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From the Hill, Cautious Approval for Obama’s ISIS Plan

Image: Obama meets with Congressional leaders in the Oval Office of the White House in Washington

U.S. President Barack Obama meets with Congressional leaders in the Oval Office of the White House in Washington to discuss his plan to combat Islamic State militants operating in Iraq and Syria September 9, 2014. From left are: Senate Minority Leader Mitch McConnell, Speaker of the House John Boehner, Obama, Senate Majority Leader Harry Reid and Democratic House Leader Nancy Pelosi. REUTERS/Kevin Lamarque (UNITED STATES - Tags: POLITICS CIVIL UNREST CONFLICT) KEVIN LAMARQUE / Reuters

President Barack Obama got finally something that seems to have eluded him since he began his second term in office: he got some Republicans in Congress to agree with him.

Obama had been eviscerated by the GOP in recent months for what critics called his sluggish and muted response to the growing threat of ISIS in Syria and Iraq. But as statements poured in from both sides of the Capitol Dome after his Wednesday night address on the terror threat, the responses – even, and in some cases, especially from Republicans – were generally positive, even as they pushed the president not to limit military options in the region.

Opponents Question President Obama's ISIS Strategy 4:41

"What the president is asking for as the commander in chief is the authority to train these Syrian rebels, and frankly, we ought to give the president what he's asking for," House Speaker John Boehner said Thursday morning, after warning that many Republicans still believe the White House should take further action to address the threat.

"While we strongly disagree with President Obama that America is safer today than five years ago, his speech tonight got some key things right."

House Intelligence Chair Mike Rogers of Michigan, one of the president’s toughest critics on foreign policy, said Obama is to be “commended for his decision” to take action against ISIS, including in Syria.

“The President’s plan announced this evening is an encouraging step in the right direction,” he said in a statement, adding that he will be reviewing the details of the strategy’s implementation.

Two of the Senate’s most hawkish members, hawkish Sens. John McCain and Lindsey Graham, also offered some cautious praise.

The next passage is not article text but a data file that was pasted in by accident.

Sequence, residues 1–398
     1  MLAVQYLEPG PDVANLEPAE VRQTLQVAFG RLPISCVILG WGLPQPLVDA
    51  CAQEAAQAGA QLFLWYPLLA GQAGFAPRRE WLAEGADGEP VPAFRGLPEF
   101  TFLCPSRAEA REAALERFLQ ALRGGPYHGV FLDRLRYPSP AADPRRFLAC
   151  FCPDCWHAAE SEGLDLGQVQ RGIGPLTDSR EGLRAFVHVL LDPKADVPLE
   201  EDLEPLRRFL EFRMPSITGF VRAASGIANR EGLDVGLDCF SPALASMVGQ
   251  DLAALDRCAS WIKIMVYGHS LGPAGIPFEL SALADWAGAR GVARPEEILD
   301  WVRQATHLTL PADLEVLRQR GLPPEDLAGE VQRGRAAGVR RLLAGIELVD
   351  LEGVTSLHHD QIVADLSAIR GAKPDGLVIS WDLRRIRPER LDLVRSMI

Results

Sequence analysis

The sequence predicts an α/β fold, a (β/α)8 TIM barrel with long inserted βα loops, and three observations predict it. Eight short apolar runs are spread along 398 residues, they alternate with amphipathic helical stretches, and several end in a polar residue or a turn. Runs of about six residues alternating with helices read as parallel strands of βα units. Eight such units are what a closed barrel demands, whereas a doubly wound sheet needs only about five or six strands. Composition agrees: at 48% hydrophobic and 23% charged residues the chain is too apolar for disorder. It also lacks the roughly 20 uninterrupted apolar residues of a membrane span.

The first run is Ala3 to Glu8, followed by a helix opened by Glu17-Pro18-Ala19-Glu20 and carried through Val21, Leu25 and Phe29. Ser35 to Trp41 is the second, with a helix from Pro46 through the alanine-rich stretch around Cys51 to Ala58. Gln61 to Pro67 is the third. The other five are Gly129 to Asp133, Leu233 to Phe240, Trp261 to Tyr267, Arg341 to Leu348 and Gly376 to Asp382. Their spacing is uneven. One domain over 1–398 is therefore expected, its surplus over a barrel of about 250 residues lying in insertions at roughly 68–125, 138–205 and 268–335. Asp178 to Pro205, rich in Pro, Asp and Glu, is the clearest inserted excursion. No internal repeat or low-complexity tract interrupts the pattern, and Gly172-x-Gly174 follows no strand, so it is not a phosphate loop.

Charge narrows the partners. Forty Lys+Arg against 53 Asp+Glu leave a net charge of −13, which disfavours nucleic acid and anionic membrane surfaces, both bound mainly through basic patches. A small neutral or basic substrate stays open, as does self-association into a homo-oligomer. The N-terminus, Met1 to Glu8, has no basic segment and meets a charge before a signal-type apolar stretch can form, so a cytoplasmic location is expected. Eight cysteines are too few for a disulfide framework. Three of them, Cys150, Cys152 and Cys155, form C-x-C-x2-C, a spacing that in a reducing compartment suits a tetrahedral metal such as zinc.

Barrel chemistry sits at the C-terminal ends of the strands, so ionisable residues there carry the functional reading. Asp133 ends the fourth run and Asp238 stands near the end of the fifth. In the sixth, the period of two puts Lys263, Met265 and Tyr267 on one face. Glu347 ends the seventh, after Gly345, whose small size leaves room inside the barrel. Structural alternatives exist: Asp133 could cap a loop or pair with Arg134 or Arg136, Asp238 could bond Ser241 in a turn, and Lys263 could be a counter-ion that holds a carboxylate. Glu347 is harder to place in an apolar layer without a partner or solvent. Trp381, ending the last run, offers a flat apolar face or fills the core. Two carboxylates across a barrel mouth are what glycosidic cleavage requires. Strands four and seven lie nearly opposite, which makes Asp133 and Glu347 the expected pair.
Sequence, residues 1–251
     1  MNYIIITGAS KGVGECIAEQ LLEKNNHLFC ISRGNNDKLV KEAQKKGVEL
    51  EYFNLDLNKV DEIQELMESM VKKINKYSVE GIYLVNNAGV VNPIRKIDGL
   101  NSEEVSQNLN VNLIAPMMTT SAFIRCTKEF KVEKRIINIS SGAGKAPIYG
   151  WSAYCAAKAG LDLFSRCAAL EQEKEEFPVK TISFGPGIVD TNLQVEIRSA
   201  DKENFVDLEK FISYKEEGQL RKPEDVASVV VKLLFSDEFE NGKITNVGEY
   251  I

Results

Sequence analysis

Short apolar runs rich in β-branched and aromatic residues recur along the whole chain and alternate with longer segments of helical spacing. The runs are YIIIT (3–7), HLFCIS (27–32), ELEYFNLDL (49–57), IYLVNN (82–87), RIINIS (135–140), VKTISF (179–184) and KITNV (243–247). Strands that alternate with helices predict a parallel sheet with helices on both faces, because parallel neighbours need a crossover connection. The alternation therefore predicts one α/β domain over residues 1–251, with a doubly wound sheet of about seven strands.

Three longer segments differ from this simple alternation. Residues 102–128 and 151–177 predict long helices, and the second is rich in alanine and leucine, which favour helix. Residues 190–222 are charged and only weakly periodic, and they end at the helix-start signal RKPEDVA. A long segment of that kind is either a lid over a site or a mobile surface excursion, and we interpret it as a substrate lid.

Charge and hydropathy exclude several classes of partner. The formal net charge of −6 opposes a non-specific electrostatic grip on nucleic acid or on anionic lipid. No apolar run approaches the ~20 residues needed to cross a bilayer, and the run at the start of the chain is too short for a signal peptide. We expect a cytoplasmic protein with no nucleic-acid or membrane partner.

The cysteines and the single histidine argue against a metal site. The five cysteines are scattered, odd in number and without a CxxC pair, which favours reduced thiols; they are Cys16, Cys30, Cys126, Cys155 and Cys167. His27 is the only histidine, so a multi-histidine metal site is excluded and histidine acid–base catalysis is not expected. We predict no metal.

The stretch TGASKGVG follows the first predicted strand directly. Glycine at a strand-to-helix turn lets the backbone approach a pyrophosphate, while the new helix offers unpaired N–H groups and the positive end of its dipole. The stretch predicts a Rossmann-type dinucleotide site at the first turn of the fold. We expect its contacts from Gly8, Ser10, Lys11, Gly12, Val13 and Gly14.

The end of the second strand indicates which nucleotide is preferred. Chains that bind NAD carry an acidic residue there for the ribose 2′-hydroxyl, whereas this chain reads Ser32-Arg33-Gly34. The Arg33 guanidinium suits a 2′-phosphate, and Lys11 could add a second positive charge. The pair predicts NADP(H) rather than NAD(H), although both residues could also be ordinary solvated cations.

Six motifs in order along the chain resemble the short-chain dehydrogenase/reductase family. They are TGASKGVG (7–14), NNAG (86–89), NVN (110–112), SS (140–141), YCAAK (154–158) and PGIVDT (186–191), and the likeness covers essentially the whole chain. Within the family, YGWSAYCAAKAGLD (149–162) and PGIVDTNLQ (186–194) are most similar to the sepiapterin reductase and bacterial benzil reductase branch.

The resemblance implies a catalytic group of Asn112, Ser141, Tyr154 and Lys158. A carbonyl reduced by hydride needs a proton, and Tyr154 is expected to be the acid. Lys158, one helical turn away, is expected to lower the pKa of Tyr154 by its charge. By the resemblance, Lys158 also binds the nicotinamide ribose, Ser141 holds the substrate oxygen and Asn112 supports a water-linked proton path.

“While we strongly disagree with President Obama that America is safer today than five years ago, his speech tonight got some key things right. He explained to the American people why we must confront ISIS,” they wrote in a Wednesday night statement. “He described the correct goal – to degrade and ultimately destroy ISIS. He laid out the elements of a comprehensive strategy to achieve this goal, all of which we have long championed. And he explained the need to hit ISIS wherever it is, although the need to do so in Syria is more urgent than the President conveyed.”

Pelosi Backs Obama's 'Strong, Formidable and Clear' ISIS Speech 0:31

The encouraging words from both parties – including from congressional leaders like staunchly conservative Senate Minority Leader Mitch McConnell and anti-war progressive House Minority Leader Nancy Pelosi – signal that Obama seems to have sufficient congressional support to win a vote of confidence from Congress, something the White House wants before lawmakers recess for the midterm elections.

The most noteworthy political division after the president’s speech actually appears to be coming from embattled Senate Democrats who are facing tough races in November.

While some Democrats telegraphed support for Obama’s plan – with some caveats – other vulnerable members of the party warned that the strategy could slip into an open-ended ground conflict in the region.

“The American people must be assured that we are not pursuing another open-ended conflict in the Middle East, and I will not give this president — or any other president — a blank check to begin another land war in Iraq,” said Sen. Mark Udall of Colorado, a state that’s trended blue in recent election cycles. “As we have seen in the past, American boots on the ground cannot stamp out an extreme ideology, and the Iraqis must take responsibility for defending their own people.”

Democrat Mark Begich, who is trying to hold on to his Senate seat in Alaska, said that “the U.S. can't continue to foot the bill of Middle East conflicts and the nations in the region need to step up in a meaningful way. After over a decade of costly war, many Alaskans are rightfully wary of putting combat troops on the ground.”

But other Democrats – like Sens. Jeanne Shaheen of New Hampshire, Kay Hagan of North Carolina, Mark Pryor of Arkansas and Al Franken of Minnesota – indicated that they’re on board with the president’s plan, even if they want more answers about its implementation.

“Outlining a strategy tonight was a start,” Shaheen said, adding “as I have made clear, I will continue to press the President to use all of the tools at his disposal, short of ground combat troops, to defeat ISIS."

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